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Saturn's Moon Dione.
Nov 9, 2005 "Aruba, Jamaica oh I want to take you, Bermuda, Bahamas, come on pretty mamma, that's where you want to go to get away from it all", or do you? What about the edge of space, low Earth orbit or Mare Tranquillitatis? They don't rhyme as well, but the company Space Adventures can take you there or get you as close as any private company can make possible. To show their stuff, Eric Anderson, the president of Space Adventures, together with Joshua Piven, have written, The Space Tourist's Handbook. In it, they help you decide which space vacation to choose and how to make the best of your special time. So really get away from it all, skip the run-of-the-mill, and read about trying some truly out-of-this-world stuff.
Nov 9, 2005 ESA's Venus Express lifted off today atop a Russian Soyuz-Fregat rocket, beginning its journey to Venus. ESA's Space Operations Centre (ESOC) at Darmstadt, Germany made contact with the spacecraft two hours after liftoff, and reported that it has oriented itself correctly and deployed its solar arrays. Its onboard systems are working properly, and its low gain antenna is communicating back to Earth - the high-gain antenna will be deployed in three days. If all goes well, Venus Express will arrive at our closest planetary neighbour in April 2006 and begin orbiting maneuvers.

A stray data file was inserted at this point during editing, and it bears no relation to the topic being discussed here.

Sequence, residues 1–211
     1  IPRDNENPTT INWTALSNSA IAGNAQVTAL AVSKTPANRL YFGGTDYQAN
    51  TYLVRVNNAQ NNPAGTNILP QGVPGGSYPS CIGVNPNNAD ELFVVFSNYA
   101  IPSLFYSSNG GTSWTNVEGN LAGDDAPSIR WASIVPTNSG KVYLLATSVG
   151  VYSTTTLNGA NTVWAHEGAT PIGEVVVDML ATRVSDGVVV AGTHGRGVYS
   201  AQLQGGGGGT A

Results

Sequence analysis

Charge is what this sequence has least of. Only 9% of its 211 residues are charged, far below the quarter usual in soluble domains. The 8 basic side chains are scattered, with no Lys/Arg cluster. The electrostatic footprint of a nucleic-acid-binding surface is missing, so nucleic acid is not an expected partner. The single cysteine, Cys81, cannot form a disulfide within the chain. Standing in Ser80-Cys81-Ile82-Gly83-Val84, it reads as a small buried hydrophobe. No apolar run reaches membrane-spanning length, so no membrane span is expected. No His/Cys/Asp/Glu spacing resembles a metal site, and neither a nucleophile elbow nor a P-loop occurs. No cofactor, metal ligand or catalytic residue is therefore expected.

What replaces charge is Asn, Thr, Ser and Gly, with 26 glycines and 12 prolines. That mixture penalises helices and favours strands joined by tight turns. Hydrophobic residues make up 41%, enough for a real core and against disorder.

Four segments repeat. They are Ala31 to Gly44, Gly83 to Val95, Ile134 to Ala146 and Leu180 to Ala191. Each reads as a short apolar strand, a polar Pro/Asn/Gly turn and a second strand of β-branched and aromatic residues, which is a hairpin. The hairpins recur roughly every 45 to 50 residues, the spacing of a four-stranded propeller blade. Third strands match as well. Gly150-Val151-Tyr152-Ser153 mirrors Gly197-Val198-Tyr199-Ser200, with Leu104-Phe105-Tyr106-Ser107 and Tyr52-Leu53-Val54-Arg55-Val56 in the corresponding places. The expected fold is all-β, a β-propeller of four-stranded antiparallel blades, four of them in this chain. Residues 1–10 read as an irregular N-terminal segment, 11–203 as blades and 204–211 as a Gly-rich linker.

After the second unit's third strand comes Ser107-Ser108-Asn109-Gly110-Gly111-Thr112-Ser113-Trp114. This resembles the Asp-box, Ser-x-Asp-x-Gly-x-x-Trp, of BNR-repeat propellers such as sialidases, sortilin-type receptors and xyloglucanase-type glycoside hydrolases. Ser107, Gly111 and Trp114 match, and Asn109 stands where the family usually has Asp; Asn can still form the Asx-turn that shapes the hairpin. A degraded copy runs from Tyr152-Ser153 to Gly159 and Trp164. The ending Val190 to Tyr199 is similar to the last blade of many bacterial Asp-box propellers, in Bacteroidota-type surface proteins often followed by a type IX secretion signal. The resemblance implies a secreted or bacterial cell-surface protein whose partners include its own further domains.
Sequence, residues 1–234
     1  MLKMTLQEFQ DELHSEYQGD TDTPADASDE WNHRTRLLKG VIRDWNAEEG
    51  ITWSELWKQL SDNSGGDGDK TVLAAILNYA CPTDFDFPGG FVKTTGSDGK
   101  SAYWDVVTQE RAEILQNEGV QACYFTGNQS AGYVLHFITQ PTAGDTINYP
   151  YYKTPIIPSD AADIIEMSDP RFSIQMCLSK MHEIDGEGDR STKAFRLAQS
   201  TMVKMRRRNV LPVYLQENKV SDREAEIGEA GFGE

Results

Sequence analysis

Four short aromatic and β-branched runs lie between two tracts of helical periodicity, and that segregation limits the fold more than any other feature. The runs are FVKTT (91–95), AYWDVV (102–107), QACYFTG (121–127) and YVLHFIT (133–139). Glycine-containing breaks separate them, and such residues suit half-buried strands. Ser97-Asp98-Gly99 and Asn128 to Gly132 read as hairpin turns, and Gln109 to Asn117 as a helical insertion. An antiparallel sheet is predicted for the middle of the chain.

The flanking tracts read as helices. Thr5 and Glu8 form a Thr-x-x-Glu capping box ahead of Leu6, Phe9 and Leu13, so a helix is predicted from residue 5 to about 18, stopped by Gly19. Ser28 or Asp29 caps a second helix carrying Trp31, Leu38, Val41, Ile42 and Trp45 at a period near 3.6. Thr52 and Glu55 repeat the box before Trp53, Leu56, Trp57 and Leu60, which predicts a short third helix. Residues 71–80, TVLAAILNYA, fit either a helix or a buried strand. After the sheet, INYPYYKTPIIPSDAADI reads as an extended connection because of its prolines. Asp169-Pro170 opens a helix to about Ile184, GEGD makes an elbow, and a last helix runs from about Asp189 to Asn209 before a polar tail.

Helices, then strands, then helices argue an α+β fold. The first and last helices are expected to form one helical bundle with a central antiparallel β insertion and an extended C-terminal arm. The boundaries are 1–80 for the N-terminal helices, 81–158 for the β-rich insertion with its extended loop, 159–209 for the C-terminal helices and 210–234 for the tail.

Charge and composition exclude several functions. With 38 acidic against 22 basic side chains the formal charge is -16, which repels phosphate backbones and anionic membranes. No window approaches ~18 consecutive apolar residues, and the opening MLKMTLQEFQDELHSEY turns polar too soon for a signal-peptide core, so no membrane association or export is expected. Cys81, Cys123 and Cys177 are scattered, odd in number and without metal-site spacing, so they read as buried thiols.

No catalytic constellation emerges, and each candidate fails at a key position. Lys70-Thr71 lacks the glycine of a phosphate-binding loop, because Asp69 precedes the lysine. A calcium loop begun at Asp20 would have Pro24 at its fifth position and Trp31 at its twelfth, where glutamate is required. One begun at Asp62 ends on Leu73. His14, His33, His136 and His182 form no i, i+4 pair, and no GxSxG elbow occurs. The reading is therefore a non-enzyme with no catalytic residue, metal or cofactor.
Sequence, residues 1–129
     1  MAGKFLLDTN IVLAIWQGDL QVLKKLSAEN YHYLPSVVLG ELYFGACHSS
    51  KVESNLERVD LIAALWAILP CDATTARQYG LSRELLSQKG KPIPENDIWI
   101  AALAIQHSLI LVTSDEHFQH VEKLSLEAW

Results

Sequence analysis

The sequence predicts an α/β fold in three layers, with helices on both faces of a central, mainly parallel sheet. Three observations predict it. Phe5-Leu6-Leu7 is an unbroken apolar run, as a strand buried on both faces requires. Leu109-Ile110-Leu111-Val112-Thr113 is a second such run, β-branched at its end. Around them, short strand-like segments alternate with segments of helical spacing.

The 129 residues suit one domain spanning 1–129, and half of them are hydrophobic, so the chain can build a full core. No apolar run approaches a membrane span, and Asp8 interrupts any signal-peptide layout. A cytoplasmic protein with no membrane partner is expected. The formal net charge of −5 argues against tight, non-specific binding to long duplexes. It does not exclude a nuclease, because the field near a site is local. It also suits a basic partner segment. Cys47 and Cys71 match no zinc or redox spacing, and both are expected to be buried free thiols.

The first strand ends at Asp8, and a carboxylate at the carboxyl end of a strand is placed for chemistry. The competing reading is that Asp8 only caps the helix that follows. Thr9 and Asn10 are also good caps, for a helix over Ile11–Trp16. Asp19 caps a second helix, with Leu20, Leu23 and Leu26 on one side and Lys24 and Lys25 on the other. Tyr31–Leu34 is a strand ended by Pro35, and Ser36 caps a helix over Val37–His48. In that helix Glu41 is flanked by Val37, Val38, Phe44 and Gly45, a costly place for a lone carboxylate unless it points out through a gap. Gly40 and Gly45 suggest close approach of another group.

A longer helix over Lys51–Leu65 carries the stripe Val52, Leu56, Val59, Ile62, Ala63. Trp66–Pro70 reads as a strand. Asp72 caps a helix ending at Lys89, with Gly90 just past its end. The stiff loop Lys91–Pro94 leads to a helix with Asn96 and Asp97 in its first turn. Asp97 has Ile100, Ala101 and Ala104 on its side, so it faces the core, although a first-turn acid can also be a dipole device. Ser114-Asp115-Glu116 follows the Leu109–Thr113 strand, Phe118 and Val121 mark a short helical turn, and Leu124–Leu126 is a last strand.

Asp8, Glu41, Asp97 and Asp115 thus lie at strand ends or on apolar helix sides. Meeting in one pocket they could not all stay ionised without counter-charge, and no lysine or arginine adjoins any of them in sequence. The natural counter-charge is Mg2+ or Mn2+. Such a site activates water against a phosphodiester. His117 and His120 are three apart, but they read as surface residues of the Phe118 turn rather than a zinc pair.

Nov 9, 2005 scientists have found that hardy bacteria can survive a trip into space, and now the list of natural astronauts includes lichen. During a recent experiment by ESA, lichen astronauts were placed on board the Foton-M2 rocket and launched into space where they were exposed to vacuum, extreme temperatures and ultraviolet radiation for 14.6 days. Upon analysis, it appears that the lichens handled their spaceflight just fine, in fact, they're so hardy, it's possible they could survive on the surface of Mars.
Nov 9, 2005 Astronomers have discovered a massive star moving extremely quickly through the outer Halo of the Milky Way, and into intergalactic space. The star, named HE 0437-5439, was discovered as part of the Hamburg/ESO sky survey, and was clocked travelling at 723 km/s, or 2.6 million kilometres per hour (1.6 million miles an hour). It's possible that the star was accelerated when it came too close to a supermassive black hole in the centre of the Large Magellanic Cloud.
Nov 9, 2005 This Cassini photograph shows Saturn's Moon Dione, passing just underneath the planet's wispy F ring. If you look carefully, you can actually see several strands of the ring. This picture was taken on September 20, 2005, when Cassini was approximately 2 million km (1.2 million miles) from Dione.
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